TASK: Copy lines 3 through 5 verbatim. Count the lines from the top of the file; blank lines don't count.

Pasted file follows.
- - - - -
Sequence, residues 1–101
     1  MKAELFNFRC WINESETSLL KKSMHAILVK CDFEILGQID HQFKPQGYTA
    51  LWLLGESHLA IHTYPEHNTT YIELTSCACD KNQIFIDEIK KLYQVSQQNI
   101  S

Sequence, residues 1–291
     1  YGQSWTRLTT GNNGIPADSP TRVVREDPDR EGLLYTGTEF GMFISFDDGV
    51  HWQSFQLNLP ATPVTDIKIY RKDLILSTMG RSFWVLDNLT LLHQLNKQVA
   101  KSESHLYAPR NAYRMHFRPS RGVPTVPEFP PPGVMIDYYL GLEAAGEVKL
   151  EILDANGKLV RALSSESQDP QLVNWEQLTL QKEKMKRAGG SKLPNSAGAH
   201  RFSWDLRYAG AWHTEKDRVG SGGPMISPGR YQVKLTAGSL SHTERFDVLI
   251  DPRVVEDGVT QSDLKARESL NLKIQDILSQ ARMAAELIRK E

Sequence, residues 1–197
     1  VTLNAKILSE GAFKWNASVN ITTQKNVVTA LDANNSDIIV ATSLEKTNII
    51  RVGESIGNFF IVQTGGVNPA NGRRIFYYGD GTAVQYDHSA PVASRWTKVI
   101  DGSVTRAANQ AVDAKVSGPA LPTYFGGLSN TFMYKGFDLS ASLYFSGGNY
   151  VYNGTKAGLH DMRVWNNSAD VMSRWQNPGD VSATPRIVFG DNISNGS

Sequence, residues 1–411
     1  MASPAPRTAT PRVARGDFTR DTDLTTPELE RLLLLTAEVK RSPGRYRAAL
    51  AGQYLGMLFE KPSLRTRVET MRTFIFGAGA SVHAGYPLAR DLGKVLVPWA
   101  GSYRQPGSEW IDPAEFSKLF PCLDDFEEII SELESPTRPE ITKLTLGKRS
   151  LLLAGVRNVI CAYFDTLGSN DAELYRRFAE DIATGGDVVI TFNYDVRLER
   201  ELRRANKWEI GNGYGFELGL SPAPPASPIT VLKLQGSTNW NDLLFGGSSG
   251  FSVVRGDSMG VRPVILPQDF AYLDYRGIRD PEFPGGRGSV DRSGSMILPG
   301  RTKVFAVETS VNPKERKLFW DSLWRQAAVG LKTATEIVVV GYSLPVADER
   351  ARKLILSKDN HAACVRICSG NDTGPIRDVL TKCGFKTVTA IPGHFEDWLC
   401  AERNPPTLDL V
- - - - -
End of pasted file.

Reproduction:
    51  LWLLGESHLA IHTYPEHNTT YIELTSCACD KNQIFIDEIK KLYQVSQQNI
   101  S

Sequence, residues 1–291